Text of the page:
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I think Apple was/is scared of "unprofessional" music. Apple doesn't want to be the YouTube of music. Not allowing shitty (or pirated!) music is a hard problem to solve. A bunch of suits and contracts does a decent job because not many people are going to take the time if they just want to troll.



So, how does Distrokid factor in to this? After reading, I had the impression that anybody with $20 could upload their music via Distrokid... is the idea that the annual fee is supposed to be a filter to prevent shitty music? Pirated music is one thing, but 'shitty music' seems a bit tougher to police.


pud said in an earlier post that there's a propietary spam filtering system in there that he's understandably reluctant to share details on.


A spam filter is different than an "amateur" or "unprofessional" filter though. I don't see how it could protect against that.


Who decides what shitty is? Well, just listen to Gagnam style and compare it with others. Everybody is different. And the tastes are different, too.


Agreed. Good music is 100% subjective, good apps are at least partially objective.


Not allowing shitty (or pirated!) music is a hard problem to solve.

As others have said, shitty is entirely subjective.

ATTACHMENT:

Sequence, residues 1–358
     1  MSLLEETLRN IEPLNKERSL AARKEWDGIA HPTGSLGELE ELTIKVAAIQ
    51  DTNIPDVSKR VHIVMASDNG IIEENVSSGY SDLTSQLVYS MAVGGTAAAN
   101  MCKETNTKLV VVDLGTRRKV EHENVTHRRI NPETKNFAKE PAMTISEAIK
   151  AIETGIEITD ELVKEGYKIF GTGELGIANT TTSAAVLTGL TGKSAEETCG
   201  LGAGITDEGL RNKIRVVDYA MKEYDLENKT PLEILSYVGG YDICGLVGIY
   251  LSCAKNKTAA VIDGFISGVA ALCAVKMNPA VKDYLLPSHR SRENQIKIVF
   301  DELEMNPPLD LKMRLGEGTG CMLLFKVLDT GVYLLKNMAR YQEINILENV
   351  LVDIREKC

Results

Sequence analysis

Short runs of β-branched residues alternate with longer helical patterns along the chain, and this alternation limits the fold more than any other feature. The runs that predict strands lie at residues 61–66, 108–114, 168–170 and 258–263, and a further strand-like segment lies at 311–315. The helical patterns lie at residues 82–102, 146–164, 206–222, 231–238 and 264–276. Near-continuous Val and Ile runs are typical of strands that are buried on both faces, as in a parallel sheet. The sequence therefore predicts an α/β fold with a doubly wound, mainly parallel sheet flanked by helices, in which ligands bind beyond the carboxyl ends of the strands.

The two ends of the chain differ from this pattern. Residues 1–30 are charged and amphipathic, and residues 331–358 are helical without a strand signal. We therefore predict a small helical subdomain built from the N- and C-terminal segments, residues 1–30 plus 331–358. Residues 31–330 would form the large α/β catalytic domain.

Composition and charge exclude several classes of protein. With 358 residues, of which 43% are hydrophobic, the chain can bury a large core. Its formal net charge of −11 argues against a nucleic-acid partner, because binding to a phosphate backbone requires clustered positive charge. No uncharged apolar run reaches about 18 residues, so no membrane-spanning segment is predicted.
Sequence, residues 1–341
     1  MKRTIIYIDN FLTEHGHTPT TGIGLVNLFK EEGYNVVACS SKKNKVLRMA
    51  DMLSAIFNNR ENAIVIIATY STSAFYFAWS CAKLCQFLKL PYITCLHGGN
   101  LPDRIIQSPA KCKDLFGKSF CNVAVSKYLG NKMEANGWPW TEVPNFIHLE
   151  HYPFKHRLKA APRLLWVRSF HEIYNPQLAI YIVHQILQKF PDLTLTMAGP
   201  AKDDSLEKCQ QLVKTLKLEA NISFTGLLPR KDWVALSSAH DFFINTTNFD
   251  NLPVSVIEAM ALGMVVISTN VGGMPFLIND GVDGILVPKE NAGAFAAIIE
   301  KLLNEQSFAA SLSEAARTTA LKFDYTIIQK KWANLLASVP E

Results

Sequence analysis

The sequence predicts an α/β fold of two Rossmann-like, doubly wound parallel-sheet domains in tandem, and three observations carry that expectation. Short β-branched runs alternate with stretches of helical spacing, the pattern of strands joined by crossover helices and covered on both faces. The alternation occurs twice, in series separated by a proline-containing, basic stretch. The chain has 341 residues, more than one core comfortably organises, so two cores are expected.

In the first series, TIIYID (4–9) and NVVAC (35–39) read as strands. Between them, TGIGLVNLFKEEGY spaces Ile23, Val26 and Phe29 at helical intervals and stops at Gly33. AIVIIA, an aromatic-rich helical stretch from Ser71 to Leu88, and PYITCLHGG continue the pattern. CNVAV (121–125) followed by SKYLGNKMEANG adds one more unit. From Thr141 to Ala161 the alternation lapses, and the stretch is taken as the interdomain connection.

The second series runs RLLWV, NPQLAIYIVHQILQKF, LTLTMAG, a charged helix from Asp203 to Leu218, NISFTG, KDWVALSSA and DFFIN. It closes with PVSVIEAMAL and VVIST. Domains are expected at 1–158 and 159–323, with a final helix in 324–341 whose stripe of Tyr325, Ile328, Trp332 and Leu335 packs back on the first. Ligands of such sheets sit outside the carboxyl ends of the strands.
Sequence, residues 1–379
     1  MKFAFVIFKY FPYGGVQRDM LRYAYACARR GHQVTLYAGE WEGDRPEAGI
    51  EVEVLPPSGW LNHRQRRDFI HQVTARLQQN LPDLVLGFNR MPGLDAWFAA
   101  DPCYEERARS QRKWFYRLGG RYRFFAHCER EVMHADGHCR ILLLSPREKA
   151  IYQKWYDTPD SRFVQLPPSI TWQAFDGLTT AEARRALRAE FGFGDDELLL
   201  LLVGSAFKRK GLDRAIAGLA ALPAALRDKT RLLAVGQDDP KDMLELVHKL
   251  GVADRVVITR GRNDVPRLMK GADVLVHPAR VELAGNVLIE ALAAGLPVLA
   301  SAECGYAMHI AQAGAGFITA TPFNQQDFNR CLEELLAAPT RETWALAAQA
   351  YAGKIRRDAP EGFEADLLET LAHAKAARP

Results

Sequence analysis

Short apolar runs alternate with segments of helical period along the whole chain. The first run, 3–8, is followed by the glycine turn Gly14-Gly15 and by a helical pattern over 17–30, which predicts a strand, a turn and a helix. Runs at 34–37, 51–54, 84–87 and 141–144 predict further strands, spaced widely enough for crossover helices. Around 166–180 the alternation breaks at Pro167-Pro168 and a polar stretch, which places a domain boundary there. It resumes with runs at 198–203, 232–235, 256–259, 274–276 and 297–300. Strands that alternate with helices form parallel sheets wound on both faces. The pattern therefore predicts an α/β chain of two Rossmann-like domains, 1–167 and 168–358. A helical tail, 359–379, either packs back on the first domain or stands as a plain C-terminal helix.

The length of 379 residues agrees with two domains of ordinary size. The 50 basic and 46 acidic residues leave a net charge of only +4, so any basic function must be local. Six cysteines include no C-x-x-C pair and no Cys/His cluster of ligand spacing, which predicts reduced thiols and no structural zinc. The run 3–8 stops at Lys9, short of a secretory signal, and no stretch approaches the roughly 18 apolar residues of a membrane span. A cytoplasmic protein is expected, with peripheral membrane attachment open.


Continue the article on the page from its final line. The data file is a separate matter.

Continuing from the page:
But pirated is a really easy problem to solve. Just run it through an identifier like Echoprint.

http://echoprint.me/


> As others have said, shitty is entirely subjective.

I strongly disagree that shitty is entirely subjective. Contextually, "shitty" could mean music recorded on a cell phone, or tracks that were 2 seconds long, or tracks that have been transcoded 7 times and sound like they're being played from a walkie-talkie at the bottom of a well.

I can understand why a music platform might want to enforce some standards of professionalism or technical competency, even if they didn't want to do so for matters of taste.


or tracks that are actually completely stolen. this is a HUGE problem on BeatPort. DJs take 90s house records and just change the speed do a small edit and then release it as their own production. and BeatPort releases it. I have many friends who are furious because their music has been blatantly stolen.


They literally do the same thing with apps. Pay a yearly fee and you're good.


A yearly fee AND every single app has to go through an approval process.


Which just weed out competition with what they have/will have. Fart apps pass just fine.




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